Novak Djokovic's quest to win his first French Open title, which would see him become just the eighth man in history to complete the Career Slam, and become just the second man after Rod Laver to hold all four major titles at the same time, got off to the expected start, with him comfortably defeating Lu Yen-Hsun of Chinese Taipei in straight sets.
Djokovic having to be wary
The world no.1 headed onto Court Philippe Chatrier knowing he couldn't afford to be lacklustre and lethargic. This was especially after seeing his rivals struggle in their opening games.
Andy Murray needed to come from two sets down to eventually come past 37-year old Radek Stepanek, while defending champion Stan Wawrinka, the man who handed Djokovic his only Slam defeat of 2015 in last year's final, also needed to come from behind to win in five against Lukas Rosol.
The Serbian also needed to not downplay his opponent Lu; no pushover at all and a former Wimbledon quarter-finalist back in 2010 (with Djokovic ironically the man to end Lu's run in their only other previous meeting) to boot.
The first six games of the match went with serve, before Djokovic made his first significant move to break after Lu fired a forehand wide. However, the 32-year-old immediately broke back, but only for "Rendy", as he's nicknamed, to lose serve again and Djokovic wouldn't relinquish the advantage this time, taking the opening set 6-4.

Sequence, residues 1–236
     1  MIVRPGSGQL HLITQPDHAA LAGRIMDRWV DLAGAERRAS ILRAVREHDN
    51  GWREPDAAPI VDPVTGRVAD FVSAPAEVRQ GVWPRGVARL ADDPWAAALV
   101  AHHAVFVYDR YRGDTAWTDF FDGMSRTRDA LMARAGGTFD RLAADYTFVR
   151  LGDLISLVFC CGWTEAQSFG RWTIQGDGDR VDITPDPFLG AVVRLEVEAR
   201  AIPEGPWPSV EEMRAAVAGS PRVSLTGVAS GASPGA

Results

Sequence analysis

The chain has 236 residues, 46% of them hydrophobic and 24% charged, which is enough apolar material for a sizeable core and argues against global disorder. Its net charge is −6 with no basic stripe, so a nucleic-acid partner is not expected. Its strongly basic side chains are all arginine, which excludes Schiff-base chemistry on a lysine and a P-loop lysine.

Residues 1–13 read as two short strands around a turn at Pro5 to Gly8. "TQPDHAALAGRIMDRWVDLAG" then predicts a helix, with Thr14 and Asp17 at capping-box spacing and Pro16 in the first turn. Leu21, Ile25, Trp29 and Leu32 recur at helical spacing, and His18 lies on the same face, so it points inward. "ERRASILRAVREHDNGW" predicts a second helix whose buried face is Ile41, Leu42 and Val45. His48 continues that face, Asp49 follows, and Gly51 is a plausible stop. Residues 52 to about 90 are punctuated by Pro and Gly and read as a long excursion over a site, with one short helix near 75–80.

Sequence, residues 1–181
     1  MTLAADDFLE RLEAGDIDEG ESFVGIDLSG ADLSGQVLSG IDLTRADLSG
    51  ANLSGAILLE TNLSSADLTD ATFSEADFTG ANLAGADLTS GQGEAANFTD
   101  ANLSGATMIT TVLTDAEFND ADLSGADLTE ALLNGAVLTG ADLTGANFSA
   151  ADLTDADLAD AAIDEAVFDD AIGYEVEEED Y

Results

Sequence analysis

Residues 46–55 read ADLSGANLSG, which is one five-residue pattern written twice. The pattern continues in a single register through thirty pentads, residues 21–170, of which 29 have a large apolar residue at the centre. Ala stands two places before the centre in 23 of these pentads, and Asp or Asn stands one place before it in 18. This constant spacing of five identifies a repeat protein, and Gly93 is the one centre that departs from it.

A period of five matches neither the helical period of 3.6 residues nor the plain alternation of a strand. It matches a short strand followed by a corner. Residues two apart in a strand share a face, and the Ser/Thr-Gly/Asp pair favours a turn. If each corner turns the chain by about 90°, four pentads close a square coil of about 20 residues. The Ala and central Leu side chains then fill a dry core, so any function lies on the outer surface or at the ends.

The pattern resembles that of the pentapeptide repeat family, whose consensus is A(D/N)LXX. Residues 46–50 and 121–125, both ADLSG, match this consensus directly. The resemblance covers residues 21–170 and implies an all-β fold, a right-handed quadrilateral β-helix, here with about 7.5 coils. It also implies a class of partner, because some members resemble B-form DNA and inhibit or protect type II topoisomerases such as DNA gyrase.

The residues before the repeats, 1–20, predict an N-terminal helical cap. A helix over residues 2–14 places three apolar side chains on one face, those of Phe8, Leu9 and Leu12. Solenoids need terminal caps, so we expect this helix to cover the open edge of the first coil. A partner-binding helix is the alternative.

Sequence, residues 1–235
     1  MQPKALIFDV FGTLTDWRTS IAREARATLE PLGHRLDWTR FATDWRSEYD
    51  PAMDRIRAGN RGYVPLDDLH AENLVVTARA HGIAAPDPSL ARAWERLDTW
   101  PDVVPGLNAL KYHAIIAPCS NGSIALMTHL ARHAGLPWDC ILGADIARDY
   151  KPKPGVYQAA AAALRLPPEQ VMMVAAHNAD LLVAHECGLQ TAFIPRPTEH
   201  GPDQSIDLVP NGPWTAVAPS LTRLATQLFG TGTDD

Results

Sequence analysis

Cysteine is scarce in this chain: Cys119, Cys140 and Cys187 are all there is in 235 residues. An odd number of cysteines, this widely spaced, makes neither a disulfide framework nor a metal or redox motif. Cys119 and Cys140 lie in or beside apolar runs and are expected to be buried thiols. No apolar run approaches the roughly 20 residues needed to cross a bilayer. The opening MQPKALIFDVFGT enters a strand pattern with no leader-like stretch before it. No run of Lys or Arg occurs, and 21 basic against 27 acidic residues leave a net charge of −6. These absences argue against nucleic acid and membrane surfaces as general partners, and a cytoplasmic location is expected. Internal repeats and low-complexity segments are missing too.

Novak not needing to get out of first gear
Witnessing Murray and Wawrinka barely surviving their first excursions of the French capital meant there could have been some wondering whether Lu, like Stepanek and Rosol before him, may provide a much sterner test to the world's best than first anticipated.
In reality though, Djokovic was always in cruise control, easing himself into the second major of the year and getting used to the Parisian clay once again. Three breaks of serve in the second set did the damage, as the 11-time major winner took it with ease, 6-1.
The top seed continued to proceed as normal, and just like the first couple of sets, Djokovic was never really threatened by his opponent - the man ranked number 95 in the world, but playing his first match on the tour this year following an elbow injury.
He wrapped up his first of what he hopes will be seven victories towards history over the coming fortnight by taking the third set 6-1, and thus sealing the match in just over an hour and a half.
Djokovic will now play Belgian qualifier Steve Darcis, most famous for beating Rafael Nadal at Wimbledon in 2013, in the second round on Thursday, after he defeated Turkey's Marsel Ilhan in straight sets.